Coyote Valley Credits Program
Peninsula Open Space Trust (POST) and it's conservation partners have established a joint conservation vision for the Coyote Valley (Morgan Hill, CA), to protect and enhance the valley's important habitat and invaluable natural infrastructure functions by preserving open space in the valley. To help implement this vision, POST seeks to develop strategies to provide incentives to private landowners in the Coyote Valley to dedicate their properties to conservation, and to encourage the development of land use policies supportive of its conservation vision. The City of San Jose is currently considering the establishment of a Coyote Valley Credits Program ("CVCP") under which landowners in Coyote Valley, in return for providing conservation or other environmental benefits on their property, would receive credits that could be purchased by developers in urbanized areas within the City and used for mitigation and / or development incentives. CBI is part of an expert team assembled by POST to assist the City in defining a feasible credits program. The project team will identify, describe, evaluate and refine several potential CVCP scenarios for the City's consideration, and to quantify and document the economic and environmental performance of each. CBI will provide the spatial data management and analytics needed to identify and describe the ecological values for the Coyote Valley study area.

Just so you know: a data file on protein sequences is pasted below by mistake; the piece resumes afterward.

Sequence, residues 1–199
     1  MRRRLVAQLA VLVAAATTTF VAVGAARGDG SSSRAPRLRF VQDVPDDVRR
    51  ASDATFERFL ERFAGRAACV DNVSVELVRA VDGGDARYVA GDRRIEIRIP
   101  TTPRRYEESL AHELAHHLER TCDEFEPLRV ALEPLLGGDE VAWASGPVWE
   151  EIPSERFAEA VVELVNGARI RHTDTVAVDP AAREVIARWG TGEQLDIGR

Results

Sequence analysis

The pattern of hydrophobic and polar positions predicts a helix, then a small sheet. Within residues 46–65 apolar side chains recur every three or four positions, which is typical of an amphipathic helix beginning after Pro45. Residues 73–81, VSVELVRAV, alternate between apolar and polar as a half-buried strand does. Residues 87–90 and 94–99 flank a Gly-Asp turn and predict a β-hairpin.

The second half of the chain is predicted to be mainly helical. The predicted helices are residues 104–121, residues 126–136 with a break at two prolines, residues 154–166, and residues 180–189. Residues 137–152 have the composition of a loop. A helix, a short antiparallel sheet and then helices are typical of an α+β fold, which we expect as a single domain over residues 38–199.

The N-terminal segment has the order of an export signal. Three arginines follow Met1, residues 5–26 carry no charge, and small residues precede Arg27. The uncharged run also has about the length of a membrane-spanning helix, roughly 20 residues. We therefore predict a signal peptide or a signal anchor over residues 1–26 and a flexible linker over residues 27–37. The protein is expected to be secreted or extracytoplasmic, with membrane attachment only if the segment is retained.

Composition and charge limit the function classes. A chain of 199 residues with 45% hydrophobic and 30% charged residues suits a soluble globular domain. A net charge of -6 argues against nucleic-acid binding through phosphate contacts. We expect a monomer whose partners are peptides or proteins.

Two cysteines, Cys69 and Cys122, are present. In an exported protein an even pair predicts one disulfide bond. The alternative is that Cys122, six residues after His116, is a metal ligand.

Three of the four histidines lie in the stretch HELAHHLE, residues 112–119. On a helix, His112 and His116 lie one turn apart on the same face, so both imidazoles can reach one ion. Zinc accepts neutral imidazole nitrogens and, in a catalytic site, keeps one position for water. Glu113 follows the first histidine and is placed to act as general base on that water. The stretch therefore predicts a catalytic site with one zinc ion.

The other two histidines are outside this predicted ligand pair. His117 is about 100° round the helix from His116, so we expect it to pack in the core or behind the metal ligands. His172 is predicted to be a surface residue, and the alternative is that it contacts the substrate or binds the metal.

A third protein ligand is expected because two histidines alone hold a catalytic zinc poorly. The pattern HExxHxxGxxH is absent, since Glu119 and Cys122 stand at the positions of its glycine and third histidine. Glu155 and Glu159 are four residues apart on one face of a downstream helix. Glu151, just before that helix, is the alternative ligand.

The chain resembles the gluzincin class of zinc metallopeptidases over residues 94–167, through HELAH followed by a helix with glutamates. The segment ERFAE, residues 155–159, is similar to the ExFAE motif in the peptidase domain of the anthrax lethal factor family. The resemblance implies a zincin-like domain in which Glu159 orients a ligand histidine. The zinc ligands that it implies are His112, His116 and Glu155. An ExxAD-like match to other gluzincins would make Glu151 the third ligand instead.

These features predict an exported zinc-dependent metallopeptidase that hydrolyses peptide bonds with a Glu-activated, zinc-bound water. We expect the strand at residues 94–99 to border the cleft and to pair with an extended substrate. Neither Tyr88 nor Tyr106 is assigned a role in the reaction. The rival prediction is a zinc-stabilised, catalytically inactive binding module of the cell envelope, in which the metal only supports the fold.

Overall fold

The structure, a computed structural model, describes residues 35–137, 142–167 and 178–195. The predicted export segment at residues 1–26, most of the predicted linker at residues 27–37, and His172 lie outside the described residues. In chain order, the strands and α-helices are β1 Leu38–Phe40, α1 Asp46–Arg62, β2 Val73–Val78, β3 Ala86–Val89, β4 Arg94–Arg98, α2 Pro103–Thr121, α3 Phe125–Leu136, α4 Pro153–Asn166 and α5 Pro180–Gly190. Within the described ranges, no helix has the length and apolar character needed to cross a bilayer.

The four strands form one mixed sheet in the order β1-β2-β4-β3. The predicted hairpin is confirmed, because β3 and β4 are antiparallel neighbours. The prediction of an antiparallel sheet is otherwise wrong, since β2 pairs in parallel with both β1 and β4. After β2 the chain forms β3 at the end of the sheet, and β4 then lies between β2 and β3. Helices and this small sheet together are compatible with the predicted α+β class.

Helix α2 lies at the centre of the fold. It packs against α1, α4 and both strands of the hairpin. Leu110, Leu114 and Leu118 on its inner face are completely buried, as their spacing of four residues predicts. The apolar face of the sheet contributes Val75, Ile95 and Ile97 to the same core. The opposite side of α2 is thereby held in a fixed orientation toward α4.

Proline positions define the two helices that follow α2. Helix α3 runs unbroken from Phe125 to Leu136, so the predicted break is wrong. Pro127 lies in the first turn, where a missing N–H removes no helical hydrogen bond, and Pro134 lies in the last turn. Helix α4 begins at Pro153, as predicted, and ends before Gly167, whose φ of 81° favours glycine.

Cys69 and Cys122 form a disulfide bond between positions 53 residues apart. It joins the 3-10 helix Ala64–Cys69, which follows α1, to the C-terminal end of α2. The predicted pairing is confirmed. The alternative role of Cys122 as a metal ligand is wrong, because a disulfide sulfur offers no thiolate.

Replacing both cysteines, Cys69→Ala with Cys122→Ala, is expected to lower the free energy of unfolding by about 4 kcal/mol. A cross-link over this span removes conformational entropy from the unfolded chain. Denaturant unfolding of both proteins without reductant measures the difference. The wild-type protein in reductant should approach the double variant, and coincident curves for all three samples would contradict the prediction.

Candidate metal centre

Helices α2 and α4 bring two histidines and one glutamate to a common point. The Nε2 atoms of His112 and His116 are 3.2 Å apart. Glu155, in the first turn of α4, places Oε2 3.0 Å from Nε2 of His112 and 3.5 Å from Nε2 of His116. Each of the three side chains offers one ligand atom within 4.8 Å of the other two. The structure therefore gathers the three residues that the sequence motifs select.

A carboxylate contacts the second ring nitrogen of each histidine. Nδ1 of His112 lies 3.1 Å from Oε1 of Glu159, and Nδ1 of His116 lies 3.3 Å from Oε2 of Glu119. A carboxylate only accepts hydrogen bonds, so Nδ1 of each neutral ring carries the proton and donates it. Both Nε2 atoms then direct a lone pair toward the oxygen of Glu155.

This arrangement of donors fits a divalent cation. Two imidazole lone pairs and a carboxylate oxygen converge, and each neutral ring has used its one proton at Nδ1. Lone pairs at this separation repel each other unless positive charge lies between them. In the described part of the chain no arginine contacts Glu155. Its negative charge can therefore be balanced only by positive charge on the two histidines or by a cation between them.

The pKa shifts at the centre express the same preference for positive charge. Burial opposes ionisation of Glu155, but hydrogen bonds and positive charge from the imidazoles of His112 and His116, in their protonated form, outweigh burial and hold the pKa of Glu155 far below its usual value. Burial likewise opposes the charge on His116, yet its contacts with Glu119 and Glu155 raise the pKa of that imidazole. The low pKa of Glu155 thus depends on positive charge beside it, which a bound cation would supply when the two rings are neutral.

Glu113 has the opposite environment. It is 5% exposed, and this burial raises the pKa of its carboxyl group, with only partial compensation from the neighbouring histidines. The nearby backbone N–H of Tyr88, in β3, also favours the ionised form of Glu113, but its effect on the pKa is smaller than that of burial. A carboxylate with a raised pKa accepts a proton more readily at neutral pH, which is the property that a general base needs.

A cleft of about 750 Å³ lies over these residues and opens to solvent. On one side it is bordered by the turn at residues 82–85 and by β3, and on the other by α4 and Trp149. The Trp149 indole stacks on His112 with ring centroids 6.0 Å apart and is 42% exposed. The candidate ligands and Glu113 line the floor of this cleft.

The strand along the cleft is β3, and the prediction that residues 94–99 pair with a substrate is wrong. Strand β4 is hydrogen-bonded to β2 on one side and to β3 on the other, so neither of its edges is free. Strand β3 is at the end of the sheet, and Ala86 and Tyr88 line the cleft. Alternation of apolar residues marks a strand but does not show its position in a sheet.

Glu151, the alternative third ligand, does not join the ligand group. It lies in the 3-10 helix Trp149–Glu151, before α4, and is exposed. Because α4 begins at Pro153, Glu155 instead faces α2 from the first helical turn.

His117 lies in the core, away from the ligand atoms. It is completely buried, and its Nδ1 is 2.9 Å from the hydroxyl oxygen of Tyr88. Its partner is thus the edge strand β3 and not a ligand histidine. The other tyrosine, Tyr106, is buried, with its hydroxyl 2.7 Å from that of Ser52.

Work completed over the next six months will define a feasible credits Coyote Valley Credits Program (CVCP) for consideration by the Planning Commission and City Council. This program was described in the October 29, 2020 San Jose General Plan 4 Year Review Task Force Memo which states that “Explore a credits program inparallel with proposed land use designation changes to support further conservation actions in Coyote Valley and facilitate development in urbanized areas of San Jose. Under such a program, landowners in Coyote Valley could receive credits and compensation for environmental benefits. In exchange developers in urbanized areas within the City could purchase the credits in return for mitigation and/or development incentives”.